Negotiating and executing oil and gas transactions are never simple endeavors. Transactions require careful analysis and decision-making on a range of issues to ensure you are making a deal that satisfies your objectives.
It is not always feasible to gather internal resources to support the oil and gas acquisition or divestiture process, particularly around title due diligence. Most deal terms provide for a relatively short due diligence period, thereby requiring a dedicated group of experts to examine the assets ahead of closing. Hiring an external party to get the job done will most likely be a necessity. When that occurs, it is important to know what you don’t know.
Here are some keys to getting the most value out of your title due diligence team:
Plan for post-diligence before you start
As in many projects, starting with the end in mind can be a valuable exercise. In this case, asking what the first 90 days are going to look like after your acquisition is helpful. Thinking through what decisions you will be faced with, as well as what information will be needed are important items to consider. If you are going to move land data from one database to another, make sure you have an accurate set of data to work with in the intervening time. In addition, construct a plan for integrating the due diligence findings into your new or existing system so that you aren’t working with old and inaccurate information after closing. One of the most common mistakes companies make post-acquisition is that they don’t integrate the valuable findings of the diligence process back into the system used for managing the asset.
Examine the Purchase & Sale Agreement (PSA)
Consider the right questions that need to be asked and answered up front.
- What are the allowable defects and permitted encumbrances set forth in the PSA (Purchase and Sale Agreement) / AAA (Asset Acquisition Agreement)?
- Are there defect value thresholds that must be met?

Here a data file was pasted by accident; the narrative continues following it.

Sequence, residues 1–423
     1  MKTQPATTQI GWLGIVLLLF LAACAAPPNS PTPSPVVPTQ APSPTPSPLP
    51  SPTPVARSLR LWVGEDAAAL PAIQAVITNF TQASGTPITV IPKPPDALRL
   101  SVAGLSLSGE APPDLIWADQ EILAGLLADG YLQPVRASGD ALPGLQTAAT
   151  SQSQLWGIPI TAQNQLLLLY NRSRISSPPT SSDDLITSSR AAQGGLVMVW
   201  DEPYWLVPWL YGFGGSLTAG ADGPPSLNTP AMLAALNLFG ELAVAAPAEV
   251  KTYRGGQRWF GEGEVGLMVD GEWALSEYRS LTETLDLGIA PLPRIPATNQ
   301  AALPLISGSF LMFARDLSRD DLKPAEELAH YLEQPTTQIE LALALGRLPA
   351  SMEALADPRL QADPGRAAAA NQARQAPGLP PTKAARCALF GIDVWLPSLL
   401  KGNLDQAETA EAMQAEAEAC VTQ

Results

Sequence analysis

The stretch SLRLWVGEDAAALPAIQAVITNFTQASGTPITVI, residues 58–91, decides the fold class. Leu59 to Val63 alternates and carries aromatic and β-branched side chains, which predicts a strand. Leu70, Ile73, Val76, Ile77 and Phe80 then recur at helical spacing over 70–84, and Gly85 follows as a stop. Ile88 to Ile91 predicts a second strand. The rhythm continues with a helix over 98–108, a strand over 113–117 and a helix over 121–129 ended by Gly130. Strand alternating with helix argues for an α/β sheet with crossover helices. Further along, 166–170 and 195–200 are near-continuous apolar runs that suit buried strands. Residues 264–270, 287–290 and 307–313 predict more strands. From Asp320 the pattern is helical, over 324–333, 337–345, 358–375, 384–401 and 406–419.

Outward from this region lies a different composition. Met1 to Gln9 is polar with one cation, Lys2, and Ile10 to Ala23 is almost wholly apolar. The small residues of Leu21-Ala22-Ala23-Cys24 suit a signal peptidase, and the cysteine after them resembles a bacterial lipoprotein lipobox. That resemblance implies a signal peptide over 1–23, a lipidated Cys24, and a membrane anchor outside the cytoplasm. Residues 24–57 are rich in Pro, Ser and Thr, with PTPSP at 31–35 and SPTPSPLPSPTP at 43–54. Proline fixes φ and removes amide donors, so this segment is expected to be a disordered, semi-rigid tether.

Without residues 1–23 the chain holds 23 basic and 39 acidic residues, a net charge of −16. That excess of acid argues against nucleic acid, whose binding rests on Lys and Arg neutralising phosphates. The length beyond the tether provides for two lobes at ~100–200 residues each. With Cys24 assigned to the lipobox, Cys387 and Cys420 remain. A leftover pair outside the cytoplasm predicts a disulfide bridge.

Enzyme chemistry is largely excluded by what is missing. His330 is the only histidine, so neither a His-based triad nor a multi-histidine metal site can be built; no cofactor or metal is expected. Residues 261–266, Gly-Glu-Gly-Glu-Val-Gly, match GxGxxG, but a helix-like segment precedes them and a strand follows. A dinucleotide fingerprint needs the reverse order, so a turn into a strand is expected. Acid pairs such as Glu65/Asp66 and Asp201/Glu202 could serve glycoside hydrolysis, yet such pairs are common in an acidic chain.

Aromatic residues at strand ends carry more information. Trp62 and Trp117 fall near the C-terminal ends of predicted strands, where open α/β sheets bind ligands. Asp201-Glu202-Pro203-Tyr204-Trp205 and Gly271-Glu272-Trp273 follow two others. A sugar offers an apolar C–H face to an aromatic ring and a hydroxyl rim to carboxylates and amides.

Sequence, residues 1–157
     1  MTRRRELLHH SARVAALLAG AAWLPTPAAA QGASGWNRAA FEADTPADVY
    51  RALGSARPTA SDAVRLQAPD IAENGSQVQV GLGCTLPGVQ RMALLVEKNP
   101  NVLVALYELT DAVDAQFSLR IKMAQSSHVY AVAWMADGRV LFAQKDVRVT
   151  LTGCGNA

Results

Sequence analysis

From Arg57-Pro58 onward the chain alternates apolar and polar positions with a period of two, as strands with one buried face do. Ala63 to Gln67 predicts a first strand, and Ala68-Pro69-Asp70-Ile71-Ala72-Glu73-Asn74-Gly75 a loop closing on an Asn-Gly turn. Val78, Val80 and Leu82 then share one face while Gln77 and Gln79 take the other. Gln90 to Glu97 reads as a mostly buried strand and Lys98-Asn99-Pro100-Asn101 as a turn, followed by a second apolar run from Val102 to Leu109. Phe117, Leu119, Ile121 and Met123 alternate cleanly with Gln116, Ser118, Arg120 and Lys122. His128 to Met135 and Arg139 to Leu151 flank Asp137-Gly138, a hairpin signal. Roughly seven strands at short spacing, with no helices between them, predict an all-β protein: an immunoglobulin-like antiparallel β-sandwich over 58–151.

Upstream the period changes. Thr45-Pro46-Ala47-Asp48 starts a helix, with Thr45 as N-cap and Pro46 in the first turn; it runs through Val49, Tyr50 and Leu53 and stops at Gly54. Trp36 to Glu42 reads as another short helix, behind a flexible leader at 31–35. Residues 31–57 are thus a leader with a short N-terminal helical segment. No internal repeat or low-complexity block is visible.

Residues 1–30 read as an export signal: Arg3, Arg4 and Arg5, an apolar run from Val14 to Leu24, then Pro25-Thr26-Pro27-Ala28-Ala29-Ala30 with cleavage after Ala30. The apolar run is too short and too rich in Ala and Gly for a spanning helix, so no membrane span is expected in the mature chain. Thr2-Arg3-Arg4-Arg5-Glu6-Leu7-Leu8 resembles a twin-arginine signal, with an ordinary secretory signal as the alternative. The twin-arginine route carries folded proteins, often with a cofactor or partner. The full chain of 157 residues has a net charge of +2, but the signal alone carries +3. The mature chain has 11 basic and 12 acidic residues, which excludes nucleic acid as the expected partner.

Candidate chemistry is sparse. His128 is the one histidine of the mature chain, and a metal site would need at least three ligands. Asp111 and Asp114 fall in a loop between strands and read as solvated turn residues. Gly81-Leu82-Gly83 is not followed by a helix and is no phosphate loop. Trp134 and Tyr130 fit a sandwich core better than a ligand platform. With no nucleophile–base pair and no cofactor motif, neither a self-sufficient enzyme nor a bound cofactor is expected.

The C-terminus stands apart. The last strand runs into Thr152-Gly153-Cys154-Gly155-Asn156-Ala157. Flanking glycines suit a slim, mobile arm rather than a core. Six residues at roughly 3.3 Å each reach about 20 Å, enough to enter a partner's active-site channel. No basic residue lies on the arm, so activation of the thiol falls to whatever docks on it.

Given the restricted timeframes associated with most acquisition due diligence, you need to focus on evaluating the aspects of the asset on which you have contractual recourse. Other items are not necessarily less important, but can be investigated and confirmed after closing. For example, in order to prepare for operations or upgrade the quality of your data, it is common to conduct a post-close records inventory, perform additional curative, and confirm the title on the assets that do not qualify as a defect under the PSA.
Ensure records are complete and available before due diligence starts
Before assembling the right team of experts and approving the billing clock to begin ticking, it is important to compile the necessary records and organize them for efficiency. If the due diligence team has to re-organize files or work with piecemealed records, time will be lost performing administrative functions instead of valuable diligence. Land records are notoriously cumbersome because they consist of unstructured data and documents that are organized differently in each organization. Mitigate misused time by handling the administrative functions of record compilation before the due diligence period begins. It will allow your due diligence experts to perform at a high level.
Prioritize your assets
Once again, knowing what questions to consider is critical in getting value from your due diligence efforts.
- Is your acreage tiered?
- Which sections will be developed first?
- What are (or may become) the highest value properties?
Knowing the angle that is most relevant to your business objectives can help you decide which properties to prioritize and dig deeper on. One of the fundamental ways we generate value for clients is helping them strategize the best approach to extract the most value in the least amount of time by considering all of the resources and constraints facing the title diligence process. Most firms do not go through this process often enough and risk expending their efforts less optimally.
Consider your risk tolerance
Here is a list of questions you should consider when assessing the level of risk you are comfortable with relative to a particular transaction:
- What is the acceptable title standard per the acquisition agreement?
- Are you seeking to establish defensible title to your properties or do you need a higher standard, often referred to as marketable title?
- How strong are your contractual remedies for title defects?
Understanding your risk tolerance is an important driver in creating a diligence process that makes sense for your circumstance and evaluates the title appropriately for your deal.
Considering these five keys before hiring experts and building a due diligence team will go a long way toward making sure the money you spend during that process yields valuable results in both the short and long term.